Guatemala: Largest Protests Yet in Assassination and Corruption Scandal, Web-televised and Twittered from Streets

(Photo: Navarro)

* "¡Esta revolución será tuiteada!," they're saying -- "This revolution will be tweeted." Massive demonstrations are taking place in Guatemala today, organized, amplified, and documented by social media networks -- namely, Ustream, Twitter, and Facebook.

* The independent Guatemalan online media organization Libertopolis is streaming live video of the massive pro- and anti-government demonstrations taking place in Guatemala. The Guatemalan newspaper Prensa Libre also has a live video stream (both on All of this media is in Spanish.

* Twitter is exploding with on-the-scene reports. As of 9am PT, some 5,000 10am PT, 50,000 people gathered in the Plaza Italia area of the capital (photo/via washwash, another here.) Most of the demonstrators wore white to symbolize peace.

* Where to find on-the-scene reports via twitter: El Periodico, Noticias Guatemala, Prensa Libre. Also, follow #escandalogt. Some Guatemalan twitterers were saying last night they planned to print out "V for Vendetta" masks and wear them en masse to the demonstrations today. Organizers on Twitter urged all who planned to participate to report anomalies or rights abuses by authorities, and observe cautionary guidelines to avoid violence.

* Online reports are coming in that governors, under duress from the state, have used public funds to ship busloads of primarily poor, indigenous citizens from the interior and north of the country to participate in government-planned pro-Colom demonstrations. Twitterers on the scene say the government-organized, pro-Colom demonstrations number about 2,500 participants as of 10am PT and include a patriotic musical performance.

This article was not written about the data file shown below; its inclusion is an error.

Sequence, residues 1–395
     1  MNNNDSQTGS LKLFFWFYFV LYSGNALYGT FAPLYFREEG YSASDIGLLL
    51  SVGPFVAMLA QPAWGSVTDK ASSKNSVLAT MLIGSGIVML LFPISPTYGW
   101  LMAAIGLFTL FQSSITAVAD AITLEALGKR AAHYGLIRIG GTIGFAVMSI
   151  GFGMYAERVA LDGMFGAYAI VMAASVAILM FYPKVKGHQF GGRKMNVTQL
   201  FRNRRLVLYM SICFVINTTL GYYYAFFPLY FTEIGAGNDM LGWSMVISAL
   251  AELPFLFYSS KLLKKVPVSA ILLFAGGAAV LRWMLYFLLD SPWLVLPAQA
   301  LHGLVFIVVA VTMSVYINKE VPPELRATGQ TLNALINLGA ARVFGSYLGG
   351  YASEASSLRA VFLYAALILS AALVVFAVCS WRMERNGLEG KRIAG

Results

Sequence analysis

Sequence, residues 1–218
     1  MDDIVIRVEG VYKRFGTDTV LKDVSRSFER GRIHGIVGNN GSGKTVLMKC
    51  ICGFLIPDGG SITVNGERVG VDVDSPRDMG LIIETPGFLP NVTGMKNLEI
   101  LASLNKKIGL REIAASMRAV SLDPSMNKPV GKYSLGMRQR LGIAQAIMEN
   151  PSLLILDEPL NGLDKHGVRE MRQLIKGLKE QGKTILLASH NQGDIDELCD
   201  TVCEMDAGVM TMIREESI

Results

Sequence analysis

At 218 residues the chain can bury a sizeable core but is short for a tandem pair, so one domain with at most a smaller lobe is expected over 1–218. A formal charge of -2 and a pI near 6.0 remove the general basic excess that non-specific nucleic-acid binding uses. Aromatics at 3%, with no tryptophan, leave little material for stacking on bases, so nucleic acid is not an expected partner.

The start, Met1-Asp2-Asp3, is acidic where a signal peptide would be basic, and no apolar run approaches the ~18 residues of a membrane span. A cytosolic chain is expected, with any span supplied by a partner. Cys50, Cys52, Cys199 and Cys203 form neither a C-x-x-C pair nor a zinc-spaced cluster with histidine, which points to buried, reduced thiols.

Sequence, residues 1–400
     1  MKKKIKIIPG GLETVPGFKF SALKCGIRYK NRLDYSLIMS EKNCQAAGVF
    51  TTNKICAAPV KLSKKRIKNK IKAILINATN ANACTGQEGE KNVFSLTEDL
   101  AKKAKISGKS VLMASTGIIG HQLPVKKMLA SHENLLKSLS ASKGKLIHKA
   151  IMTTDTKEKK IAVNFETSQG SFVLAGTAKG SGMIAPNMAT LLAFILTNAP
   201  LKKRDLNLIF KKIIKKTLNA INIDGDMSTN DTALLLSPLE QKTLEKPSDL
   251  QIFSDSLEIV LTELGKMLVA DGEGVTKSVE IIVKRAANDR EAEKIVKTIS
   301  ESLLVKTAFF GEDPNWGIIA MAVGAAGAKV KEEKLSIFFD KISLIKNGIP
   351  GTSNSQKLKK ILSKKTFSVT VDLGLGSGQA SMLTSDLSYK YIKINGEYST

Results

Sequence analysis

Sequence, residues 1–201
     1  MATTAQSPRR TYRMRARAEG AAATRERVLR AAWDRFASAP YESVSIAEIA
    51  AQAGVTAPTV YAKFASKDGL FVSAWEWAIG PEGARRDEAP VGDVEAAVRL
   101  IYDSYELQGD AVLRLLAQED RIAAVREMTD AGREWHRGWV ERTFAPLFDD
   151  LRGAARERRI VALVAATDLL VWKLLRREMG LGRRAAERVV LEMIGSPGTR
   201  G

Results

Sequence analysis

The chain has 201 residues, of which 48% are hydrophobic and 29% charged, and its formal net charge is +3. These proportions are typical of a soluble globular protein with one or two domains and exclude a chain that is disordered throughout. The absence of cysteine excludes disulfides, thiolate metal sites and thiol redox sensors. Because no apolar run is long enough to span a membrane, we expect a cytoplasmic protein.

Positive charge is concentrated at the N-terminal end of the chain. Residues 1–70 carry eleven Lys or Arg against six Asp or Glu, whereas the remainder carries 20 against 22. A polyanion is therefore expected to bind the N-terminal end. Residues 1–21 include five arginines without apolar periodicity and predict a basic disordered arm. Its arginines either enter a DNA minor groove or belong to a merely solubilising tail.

* Last night, the Constitutional Court of Guatemala ruled that law enforcement must not take sides in today's demonstrations, and must preserve and uphold the citizens' right to free expression. Police in the capital are on "maximum alert" today.

* President Colom: "They don't know who they're messing with."

* Update, 1230pm PT: The demonstrations ended peacefully. Organizers collected approximately 30,000 signatures on-site, demanding Guatemalan president Álvaro Colom temporarily step down so that a judicial inquiry into his alleged involvement in the assassination of attorney Rodrigo Rosenberg may proceed without interference. Many who texted updates from the streets spoke of a moment during the anti-Colom demonstration when the entire crowd spontaneously sang Guatemala's national anthem in unison. "Over 50,000 people singing the anthem was epic," tweeted one participant.


  1. Its funny to see how innovative technology is starting to actually have a considerable impact on the path of politics. Mark my word, we are going to see a lot more of these sorts of scandals on an international scale which is the case already.

  2. The new intelligent weapons to defend democracy: PC, Mobil phone, Digital Camera. Internet it’s giving us freedom

  3. I think that respect for democracy requires that a transfer of power occur peacefully, in accordance with the rule of law, as a result of either free and fair elections or predetermined due process. A mob clamoring for the resignation of a president is not democratic, even if happens on the Internet.

  4. Actually JEAGUILAR, at yesterday’s rally, we were clamoring for rule of law and due process, neither of which we have in Guatemala.

  5. Anonymous: what is the Constitutional and Democratic process for dealing with this crisis? And while we are at it, what are the forces that benefit from destabilization and who are those that are promoting destabilization?

  6. Agreed, Socialnerdia. I so appreciate BoingBoing for reporting on these types of events. It doesn’t even show up in my local newspaper.

    In this case, we have something that is a complete outrage, tempered by the fact that the people in Guatemala are actually taking their president to task for it. Please keep up the reporting…

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